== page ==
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Description:

This daylong workshop explores the principles of yoga and the principles of justice to inspire you to harness self-study and contemplation in your work turning towards others and creating positive change in the world. Through sharing and conversation, we will explore power and privilege, oppression and identity, suffering and liberation and loving kindness. Through the practice of yoga, we can experience personal transformation that allows us to approach one another with honesty, skill and awareness and connect us with our inner fire, agni, to gain clarity about our actions and their alignment with our higher purpose all in service of collective humanity. We will use asana (postures), pranayama (breath work), meditation, teachings from the Bhagavad Gita and the Yoga Sutras, and mantra work to sharpen our goals and visions for our work to change the world. You will leave this workshop with a deeper connection to self, your community and all beings, and create concrete plans to put your goals into action. This workshop is appropriate for all levels.

Trainer:

Michelle Johnson, LCSW, 500hr E-RYT is an activist, race equity trainer, author, yogi, healer and social change influencer. She has an understanding of how trauma impacts the mind, body, spirit and heart. Her awareness of the world through her experience as a black woman allows her to know firsthand how privilege and power operate. She understands the toll that oppression can take on individuals and the collective physically, emotionally, mentally and spiritually. Whether in an anti-oppression training, yoga space, individual or group intuitive healing session, healing and wholeness are at the center of how she approaches all of her work. Michelle has spent many years on the front lines of justice movements craving a space for healing through ritual, ceremony and sacred practice. A yoga teacher for over ten years, she has sat in many spiritual spaces and yoga communities whom lacked an awareness of justice and activism. She is interested in spiritual spaces that center activism and social change spaces that center spiritual practice. In 2013, Michelle created Skill in Action, a training program, focused on the intersection of social justice and yoga. Michelle is the author of Skill in Action: Radicalizing Your Yoga Practice to Create a Just World. Michelle inspires change that allows people to stand in their humanity and wholeness.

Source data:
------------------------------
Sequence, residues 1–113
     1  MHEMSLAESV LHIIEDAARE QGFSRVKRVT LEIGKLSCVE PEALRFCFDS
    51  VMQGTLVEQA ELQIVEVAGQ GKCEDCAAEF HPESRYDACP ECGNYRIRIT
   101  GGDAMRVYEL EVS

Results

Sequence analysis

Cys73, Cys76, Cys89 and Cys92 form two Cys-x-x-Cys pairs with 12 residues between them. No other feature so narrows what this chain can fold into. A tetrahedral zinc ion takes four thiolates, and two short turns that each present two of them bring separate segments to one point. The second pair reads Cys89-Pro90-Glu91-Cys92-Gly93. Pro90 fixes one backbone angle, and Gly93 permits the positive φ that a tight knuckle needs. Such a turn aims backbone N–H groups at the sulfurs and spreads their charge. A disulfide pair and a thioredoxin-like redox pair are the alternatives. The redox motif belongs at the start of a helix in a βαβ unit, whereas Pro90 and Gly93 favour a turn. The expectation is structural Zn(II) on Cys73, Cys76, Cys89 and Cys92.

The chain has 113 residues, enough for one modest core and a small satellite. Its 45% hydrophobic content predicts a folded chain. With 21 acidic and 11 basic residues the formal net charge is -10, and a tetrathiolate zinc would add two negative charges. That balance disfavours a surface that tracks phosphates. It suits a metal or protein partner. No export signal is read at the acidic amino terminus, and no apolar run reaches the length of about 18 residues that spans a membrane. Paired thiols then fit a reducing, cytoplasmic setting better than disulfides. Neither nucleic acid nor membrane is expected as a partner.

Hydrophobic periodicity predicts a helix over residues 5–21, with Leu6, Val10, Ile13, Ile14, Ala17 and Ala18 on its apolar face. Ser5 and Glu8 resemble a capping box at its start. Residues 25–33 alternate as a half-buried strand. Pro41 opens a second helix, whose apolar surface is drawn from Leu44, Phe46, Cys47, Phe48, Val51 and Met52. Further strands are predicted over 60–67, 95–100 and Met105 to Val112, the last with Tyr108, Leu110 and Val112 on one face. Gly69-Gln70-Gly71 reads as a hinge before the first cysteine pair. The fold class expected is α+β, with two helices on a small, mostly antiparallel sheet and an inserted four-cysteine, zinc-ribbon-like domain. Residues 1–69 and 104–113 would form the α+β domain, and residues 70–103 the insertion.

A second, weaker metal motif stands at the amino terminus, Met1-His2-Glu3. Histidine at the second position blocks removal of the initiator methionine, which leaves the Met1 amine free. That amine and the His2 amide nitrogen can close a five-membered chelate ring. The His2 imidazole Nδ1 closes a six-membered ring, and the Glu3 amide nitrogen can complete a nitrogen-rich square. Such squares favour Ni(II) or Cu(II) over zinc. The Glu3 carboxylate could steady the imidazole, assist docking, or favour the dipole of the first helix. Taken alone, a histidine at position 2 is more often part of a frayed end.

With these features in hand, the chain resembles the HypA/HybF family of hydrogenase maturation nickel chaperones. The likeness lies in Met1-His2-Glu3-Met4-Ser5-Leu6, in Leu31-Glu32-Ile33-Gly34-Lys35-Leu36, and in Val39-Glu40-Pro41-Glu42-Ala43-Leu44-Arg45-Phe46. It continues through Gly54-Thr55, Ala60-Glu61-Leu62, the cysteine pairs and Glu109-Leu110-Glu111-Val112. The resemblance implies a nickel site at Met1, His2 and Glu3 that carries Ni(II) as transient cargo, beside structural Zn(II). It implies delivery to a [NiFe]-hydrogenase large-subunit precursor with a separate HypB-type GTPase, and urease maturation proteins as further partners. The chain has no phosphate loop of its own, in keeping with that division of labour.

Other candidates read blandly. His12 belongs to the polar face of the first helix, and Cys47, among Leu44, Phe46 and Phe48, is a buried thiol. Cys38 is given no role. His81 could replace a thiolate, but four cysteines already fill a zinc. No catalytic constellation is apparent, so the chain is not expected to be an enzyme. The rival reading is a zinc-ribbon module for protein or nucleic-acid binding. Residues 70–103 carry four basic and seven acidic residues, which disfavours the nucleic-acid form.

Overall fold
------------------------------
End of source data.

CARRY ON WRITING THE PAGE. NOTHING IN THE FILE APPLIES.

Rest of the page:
Learning Objectives

At the conclusion of this program, participants will be able to:
1. Identify and explain at least 1 way in which white supremacy and oppression can become internalized and how we, in turn, embody and perpetuate oppression.
2. Identify and explain at least 2 ways that yoga practices can support social justice work.
3. Name and describe at least 1 practice derived from yoga that can increase our interpersonal effectiveness.